Permanent life insurance coverage is a contentious issue for some as the cost of insurance goes up if the life policy has to inevitably pay out.
Permanent life insurance also includes a cash accumulation component called the policy’s cash value. This life policy acts both as an investment tool and a way to legate a financial lifeline for your loved ones after you die.
Furthermore, permanent life insurance might not be a good fit for some, because of its high cost. In this article you will find out if permanent life insurance is the best option for you.
What is permanent life insurance?
As the name suggests, permanent life insurance lasts for your entire lifetime. Permanent insurance doesn’t have an expiry date, unlike a term life insurance policy.
This makes permanent life insurance costs higher than that of term life insurance.
A permanent life insurance policy has two important components — the death benefit and cash value. The policy's death benefit is a fixed amount paid out to your beneficiaries when you pass.
Apart from the guaranteed death benefit, it accumulates cash value over time, which grows on a tax-deferred basis. You can withdraw from or borrow against your policy’s cash value anytime and for any reason.
How does permanent life insurance work?
With permanent life insurance, a portion of your permanent life insurance premiums go toward paying the cost of insurance, while the other portion of the insurance premiums go into a savings component (the cash value), which grows over time on a tax-deferred basis.
When you pass, your family receives the death benefit as a single payment or in installments. For instance, they could choose to receive the payout over a period of six or eight years. The policy's death benefit is not taxable, but the interest earned on an unpaid death benefit is. Let's say the payout of an insurance policy is $100,000. The beneficiaries decide to receive the benefit in ten equal monthly installments. So, when the insurer pays the first installment of $10,000, the interest earned on the remaining $90,000 will be taxable.
You can tap into this basket of tax-free income in the form of a policy loan and use the money as you see fit. Since you are borrowing your own money, the insurer doesn’t ask you any questions, nor runs a credit check. But if you don’t repay the loan, the insurance company will deduct the outstanding amount from the death benefit. As a result, your family will receive less income when you pass.
If a family is looking to maximize their net worth once their TFSA and RRSP are maxed out, a permanent policy can be a good compliment. The tax-free sheltered growth of a permanent policy allows your contribution to grow every year tax free after the cost of the insurance.
One caution with this strategy however are the administrative fees associated, which makes a permanent policy less attractive in many cases compared to a TFSA or RRSP alternative. Planning a broader strategy with your advisor is important to realize effective ways to leverage insurance for your financial situation.
Who needs permanent life insurance?
Term life insurance is cheaper and offers protection when you need it most. A term policy should be able to cover an asset, liability or both for a fixed period of time to protect your loved one from unfortunate, unexpected events. A permanent policy, however, provides additional benefits including:
- High-income earners who have maxed out other investment vehicles and have a need for life insurance.
- People with a special-needs child or lifelong dependents
- Wealthy individuals who want to preserve the value of their estates for their heirs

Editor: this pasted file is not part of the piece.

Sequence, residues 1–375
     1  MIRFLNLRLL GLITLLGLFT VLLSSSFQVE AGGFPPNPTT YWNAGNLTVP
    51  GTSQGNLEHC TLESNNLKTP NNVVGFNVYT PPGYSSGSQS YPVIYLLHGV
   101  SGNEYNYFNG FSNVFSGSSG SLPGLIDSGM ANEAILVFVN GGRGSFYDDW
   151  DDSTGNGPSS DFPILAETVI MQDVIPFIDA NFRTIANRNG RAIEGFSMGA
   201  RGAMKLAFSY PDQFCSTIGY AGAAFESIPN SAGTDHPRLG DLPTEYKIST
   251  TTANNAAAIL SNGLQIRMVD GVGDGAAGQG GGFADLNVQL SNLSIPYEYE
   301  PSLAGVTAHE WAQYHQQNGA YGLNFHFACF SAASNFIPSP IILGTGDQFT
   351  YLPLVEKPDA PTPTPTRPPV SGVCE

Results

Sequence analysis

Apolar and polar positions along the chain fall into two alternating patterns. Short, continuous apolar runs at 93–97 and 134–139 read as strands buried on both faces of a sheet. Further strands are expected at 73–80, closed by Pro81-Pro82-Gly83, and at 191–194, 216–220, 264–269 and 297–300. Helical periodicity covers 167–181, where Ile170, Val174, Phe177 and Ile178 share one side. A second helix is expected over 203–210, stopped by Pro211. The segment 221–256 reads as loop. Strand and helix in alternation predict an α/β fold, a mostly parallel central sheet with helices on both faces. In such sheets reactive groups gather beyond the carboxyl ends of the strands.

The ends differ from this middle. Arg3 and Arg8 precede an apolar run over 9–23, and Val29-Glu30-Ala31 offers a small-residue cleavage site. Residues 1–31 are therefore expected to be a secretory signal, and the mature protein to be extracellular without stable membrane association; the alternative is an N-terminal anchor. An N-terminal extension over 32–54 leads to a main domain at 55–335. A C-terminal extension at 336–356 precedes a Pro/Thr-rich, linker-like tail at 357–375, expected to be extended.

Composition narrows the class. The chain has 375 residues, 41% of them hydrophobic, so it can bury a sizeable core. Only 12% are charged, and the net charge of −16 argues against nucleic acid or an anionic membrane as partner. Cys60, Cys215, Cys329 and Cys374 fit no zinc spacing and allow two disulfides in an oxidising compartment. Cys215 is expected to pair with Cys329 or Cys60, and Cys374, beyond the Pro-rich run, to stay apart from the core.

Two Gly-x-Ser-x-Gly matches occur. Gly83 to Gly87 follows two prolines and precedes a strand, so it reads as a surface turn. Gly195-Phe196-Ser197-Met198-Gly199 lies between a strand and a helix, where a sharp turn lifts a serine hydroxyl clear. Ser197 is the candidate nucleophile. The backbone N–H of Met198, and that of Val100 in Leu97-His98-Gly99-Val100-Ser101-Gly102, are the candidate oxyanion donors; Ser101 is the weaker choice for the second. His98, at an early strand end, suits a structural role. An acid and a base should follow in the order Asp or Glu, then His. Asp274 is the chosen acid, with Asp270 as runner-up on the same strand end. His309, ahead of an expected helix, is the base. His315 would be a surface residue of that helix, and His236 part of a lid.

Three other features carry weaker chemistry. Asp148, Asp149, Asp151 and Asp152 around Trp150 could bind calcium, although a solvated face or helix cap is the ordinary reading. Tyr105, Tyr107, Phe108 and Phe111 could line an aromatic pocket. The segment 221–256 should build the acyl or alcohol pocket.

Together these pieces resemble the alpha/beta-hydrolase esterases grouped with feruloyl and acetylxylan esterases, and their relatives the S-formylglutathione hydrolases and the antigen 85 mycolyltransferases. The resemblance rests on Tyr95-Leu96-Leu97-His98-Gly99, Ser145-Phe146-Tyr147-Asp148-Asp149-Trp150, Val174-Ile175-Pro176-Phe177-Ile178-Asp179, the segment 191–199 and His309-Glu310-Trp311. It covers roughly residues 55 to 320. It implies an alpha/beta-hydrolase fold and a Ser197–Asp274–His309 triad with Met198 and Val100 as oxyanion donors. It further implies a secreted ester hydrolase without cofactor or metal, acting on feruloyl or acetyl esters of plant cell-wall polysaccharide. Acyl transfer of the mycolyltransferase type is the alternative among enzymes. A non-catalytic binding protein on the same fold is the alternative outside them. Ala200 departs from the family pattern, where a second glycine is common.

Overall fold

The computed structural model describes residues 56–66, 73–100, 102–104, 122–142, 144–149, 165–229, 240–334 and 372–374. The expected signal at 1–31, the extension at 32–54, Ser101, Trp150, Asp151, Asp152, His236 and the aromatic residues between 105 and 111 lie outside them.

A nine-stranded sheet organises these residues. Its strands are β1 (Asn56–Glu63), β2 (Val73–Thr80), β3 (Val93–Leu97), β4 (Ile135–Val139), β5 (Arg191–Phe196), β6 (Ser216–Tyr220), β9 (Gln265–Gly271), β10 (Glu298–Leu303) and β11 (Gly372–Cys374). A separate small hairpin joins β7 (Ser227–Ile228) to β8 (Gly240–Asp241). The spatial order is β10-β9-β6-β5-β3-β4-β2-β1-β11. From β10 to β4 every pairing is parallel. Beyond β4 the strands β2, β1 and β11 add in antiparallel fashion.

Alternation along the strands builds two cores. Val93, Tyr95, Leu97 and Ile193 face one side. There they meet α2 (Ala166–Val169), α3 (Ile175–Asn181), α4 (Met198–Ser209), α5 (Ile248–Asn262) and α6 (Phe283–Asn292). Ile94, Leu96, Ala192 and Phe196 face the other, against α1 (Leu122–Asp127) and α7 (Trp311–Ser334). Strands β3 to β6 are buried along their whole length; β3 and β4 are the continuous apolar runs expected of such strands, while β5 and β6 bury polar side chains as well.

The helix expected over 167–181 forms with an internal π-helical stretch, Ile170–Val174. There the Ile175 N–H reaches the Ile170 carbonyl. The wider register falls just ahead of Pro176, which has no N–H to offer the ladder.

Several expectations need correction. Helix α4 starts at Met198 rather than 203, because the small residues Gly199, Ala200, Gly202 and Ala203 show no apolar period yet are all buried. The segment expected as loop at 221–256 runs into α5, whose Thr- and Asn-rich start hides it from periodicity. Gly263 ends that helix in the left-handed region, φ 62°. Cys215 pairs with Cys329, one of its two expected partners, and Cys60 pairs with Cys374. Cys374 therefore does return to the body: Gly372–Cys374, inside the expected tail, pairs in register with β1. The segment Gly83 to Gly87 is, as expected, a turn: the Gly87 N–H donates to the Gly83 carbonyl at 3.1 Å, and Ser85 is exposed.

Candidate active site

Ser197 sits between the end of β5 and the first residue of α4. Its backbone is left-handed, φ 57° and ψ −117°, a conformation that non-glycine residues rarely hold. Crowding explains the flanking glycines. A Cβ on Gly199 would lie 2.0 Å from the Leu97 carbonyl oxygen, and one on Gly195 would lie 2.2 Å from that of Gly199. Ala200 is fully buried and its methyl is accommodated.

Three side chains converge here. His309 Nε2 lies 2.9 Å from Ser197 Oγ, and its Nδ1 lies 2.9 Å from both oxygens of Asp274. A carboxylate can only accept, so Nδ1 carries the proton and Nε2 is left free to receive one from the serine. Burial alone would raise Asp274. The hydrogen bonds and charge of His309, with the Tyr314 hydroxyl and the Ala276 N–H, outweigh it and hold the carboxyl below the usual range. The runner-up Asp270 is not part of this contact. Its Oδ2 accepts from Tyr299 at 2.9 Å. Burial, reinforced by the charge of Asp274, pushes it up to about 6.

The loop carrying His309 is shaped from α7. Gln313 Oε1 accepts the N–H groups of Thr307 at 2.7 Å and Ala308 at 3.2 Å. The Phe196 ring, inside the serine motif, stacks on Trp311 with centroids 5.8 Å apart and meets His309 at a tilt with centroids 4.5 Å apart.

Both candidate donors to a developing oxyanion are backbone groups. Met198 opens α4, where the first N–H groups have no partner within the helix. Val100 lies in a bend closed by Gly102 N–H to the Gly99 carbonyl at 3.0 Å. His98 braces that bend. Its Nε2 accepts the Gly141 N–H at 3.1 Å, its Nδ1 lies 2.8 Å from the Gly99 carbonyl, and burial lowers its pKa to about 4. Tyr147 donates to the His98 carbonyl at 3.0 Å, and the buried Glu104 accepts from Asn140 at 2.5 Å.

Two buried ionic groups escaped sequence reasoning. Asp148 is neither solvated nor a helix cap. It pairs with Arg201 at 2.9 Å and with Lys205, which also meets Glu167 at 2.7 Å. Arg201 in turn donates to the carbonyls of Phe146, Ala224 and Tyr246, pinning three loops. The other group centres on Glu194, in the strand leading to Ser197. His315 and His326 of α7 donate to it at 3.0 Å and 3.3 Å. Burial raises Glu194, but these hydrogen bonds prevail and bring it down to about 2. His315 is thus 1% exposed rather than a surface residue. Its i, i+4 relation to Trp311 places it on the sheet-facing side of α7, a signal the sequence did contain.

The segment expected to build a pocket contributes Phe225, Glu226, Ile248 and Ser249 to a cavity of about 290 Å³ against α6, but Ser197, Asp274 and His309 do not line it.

- People who want to legate a financial legacy to their loved ones
- Seniors who don’t have enough savings to cover their end-of-life expenses, like medical care and funeral costs
- People looking for lifetime coverage instead of term coverage
Types of Permanent Life Insurance
Permanent life insurance comes in four different options:
- Whole Life Insurance
- Variable Life Insurance
- Universal Life Insurance
- Variable Universal Life Insurance
Which one is right for you will depend on your level of risk tolerance and the kind of payment adjustability you want.
Whole life insurance
Whole life insurance is as predictable as it gets. Whole life insurance comes with a guaranteed level premium and guaranteed tax-free death benefit. That means both the premium and the death benefit stays the same for life. The rate of growth on a whole life insurance policy’s cash value is also guaranteed (set by the insurer). So whole life insurance may be perfect for people who like predictability.
Some whole life insurance policies also give you the opportunity to earn dividends. These policies go by the name of participating whole life insurance policies. They are called as such because they let you participate in the surplus earnings of your insurer.
With whole life insurance, you can receive dividends in cash or keep them with the insurer and earn interest on the amount. You can also use them to purchase additional coverage or reduce future premium payments.
There are multiple factors to take into account to determine if whole life insurance is worth it for you.
Variable life insurance
Variable life insurance offers more investment options. It provides flexible premiums and a flexible death benefit. While the cash doesn’t grow at a guaranteed rate, you get to determine how the cash value is invested.
With this type of insurance policy, you allocate your premium payments to a separate account. The money in this account gets invested in a menu of investment choices — bonds, stocks, and money market instruments — that you choose.
The policy’s cash value will fluctuate according to the performance of these investment choices. Every month, the insurer will debit the policy’s cash value to pay for the cost of maintaining the policy.
Your life policy will stay active for as long as there is enough cash value to pay for the policy’s monthly charges. If the funds are too low, the insurer will ask you to pay more in premiums, or else the policy will lapse.
Variable life insurance gives you an opportunity to earn more than you would with a whole life insurance policy. However, if things don't go your way, you could lose money, including the initial investment.
Universal life insurance
Universal life insurance offers a lot of flexibility. Universal life insurance policies are the only permanent life policies with flexible premiums. You can adjust the frequency and amount of your premium payments (within certain limits). You can also adjust the death benefit of the policy according to your needs.